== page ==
Thirdly, we had to develop a relational system of support for the care givers—the employees of the shelter and other care-givers within the system. This was done informally with spontaneous de-brief sessions, lots of laughter, staff parties, meals, creative “way out of the box” problem solving and a light spirited and wise Executive Director with the appropriate name of Happy Spiller! Formal activities included consistent and solution-focused clinical supervision, a well-developed and evidence based clinical and age appropriate structure, a consistent strength-based, empowering and resiliency focused curriculum—and a clear picture of the realities of social determinants, trauma, and addiction in the roles of homelessness, child abuse, neglect and abandonment, and domestic violence. The lenses of vicarious trauma and self-care were never far from the front burner in all of our staff meetings.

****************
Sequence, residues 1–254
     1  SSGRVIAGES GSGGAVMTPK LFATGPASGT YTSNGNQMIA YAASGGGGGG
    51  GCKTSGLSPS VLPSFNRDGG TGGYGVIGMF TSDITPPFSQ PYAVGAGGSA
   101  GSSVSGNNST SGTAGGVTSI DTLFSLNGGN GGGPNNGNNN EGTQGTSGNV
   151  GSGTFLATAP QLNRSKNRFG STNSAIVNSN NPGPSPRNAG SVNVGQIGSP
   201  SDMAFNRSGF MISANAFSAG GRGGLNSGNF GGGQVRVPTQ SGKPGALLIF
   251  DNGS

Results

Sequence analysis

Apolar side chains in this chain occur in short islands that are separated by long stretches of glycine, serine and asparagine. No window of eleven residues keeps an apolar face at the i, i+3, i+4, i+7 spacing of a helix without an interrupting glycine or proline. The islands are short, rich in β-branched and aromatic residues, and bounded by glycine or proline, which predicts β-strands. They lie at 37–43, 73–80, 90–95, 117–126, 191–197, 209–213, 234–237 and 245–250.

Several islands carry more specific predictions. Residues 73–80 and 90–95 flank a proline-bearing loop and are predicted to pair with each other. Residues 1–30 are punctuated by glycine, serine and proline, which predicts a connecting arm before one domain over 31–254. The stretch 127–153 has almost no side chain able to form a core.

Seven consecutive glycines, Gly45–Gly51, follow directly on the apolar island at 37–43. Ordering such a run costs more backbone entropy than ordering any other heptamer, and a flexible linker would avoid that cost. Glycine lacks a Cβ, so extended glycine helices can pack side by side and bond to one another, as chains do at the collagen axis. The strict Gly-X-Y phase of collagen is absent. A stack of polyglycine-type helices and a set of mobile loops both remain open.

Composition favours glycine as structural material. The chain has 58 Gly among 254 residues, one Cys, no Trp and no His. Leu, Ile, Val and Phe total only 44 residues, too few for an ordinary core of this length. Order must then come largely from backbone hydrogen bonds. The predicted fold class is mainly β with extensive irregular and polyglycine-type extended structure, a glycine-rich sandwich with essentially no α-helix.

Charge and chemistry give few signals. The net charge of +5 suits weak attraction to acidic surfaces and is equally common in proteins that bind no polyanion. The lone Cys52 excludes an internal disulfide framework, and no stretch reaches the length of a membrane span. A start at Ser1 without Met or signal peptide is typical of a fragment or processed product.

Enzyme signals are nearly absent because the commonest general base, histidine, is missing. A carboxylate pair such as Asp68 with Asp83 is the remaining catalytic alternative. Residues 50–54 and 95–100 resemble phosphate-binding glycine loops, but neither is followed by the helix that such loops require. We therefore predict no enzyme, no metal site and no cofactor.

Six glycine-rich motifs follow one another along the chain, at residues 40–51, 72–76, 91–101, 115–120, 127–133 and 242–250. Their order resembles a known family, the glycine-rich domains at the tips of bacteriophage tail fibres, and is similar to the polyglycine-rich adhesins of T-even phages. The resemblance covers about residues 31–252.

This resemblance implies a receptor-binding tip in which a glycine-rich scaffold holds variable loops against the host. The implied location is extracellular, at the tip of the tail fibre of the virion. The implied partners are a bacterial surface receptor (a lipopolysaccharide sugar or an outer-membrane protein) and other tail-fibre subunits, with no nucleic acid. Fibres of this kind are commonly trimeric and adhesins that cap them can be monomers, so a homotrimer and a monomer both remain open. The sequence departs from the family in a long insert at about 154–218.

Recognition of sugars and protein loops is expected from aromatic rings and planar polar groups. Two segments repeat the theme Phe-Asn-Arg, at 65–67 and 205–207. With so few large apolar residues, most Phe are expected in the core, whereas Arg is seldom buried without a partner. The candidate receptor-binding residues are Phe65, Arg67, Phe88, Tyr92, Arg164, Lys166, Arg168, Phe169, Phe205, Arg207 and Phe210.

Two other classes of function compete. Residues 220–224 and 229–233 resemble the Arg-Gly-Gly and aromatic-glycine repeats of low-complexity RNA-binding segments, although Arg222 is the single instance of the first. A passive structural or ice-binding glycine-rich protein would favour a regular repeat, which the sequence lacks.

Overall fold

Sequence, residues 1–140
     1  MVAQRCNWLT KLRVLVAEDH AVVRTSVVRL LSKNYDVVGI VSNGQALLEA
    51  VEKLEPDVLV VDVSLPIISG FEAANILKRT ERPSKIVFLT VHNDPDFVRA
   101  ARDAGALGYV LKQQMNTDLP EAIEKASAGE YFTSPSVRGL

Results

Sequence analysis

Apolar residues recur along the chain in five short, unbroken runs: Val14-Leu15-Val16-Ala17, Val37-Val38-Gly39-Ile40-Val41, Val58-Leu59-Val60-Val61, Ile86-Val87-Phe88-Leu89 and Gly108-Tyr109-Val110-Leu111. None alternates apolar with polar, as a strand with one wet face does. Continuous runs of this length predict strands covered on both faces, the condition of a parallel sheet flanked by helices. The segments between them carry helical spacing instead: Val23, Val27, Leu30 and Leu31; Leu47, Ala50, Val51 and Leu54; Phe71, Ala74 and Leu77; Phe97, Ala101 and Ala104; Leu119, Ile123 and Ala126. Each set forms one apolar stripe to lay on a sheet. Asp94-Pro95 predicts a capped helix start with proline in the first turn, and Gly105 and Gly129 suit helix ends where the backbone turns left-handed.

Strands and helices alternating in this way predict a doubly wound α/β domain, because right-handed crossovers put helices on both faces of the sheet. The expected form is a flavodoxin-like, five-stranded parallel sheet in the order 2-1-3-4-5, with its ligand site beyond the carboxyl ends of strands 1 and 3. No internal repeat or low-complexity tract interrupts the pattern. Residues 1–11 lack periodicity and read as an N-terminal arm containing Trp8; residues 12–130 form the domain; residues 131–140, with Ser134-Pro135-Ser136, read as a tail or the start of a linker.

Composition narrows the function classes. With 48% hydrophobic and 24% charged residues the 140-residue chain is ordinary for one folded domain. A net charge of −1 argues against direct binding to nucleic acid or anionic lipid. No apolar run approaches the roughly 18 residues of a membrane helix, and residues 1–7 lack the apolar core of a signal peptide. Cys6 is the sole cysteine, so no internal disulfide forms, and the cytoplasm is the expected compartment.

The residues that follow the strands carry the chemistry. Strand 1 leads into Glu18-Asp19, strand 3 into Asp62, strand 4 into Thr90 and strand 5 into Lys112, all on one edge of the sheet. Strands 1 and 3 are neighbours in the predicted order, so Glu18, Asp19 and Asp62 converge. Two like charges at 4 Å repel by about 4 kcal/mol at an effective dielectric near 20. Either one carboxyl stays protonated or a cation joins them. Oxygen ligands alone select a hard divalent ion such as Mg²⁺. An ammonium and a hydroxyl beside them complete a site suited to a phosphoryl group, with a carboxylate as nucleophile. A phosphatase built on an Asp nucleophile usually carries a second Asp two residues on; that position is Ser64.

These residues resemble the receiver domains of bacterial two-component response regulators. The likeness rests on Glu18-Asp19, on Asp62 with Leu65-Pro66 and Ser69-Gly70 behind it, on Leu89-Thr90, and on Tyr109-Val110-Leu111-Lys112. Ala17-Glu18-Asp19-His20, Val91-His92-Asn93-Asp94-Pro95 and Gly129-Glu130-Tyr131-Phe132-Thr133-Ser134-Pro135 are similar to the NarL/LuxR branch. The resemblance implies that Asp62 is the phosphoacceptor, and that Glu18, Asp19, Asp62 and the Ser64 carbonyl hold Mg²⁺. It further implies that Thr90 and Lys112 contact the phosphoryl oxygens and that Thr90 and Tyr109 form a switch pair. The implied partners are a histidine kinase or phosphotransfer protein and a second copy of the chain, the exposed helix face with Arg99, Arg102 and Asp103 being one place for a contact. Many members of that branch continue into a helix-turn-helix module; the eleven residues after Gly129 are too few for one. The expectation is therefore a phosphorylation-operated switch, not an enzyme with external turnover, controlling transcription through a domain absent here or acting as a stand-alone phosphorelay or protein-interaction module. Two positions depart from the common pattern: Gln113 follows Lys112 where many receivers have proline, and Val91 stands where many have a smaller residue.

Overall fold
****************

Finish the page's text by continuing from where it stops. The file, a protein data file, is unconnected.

At a certain point, obviously, the clients would move on, hopefully with some healing and hope, and on to a more stable and life-giving arrangement. All of our hand written treatment plans and progress notes, connections across communities, new found client strengths and goals, physical health notes, successful and off the mark clinical and psychiatric interventions, the dreams, the journals, the successes, breakthroughs and learning filed away in yellow manila folders, locked in file cabinets, collecting dust and fading like old memories, until burned or shredded after the requisite time frame—six or seven years—and lost.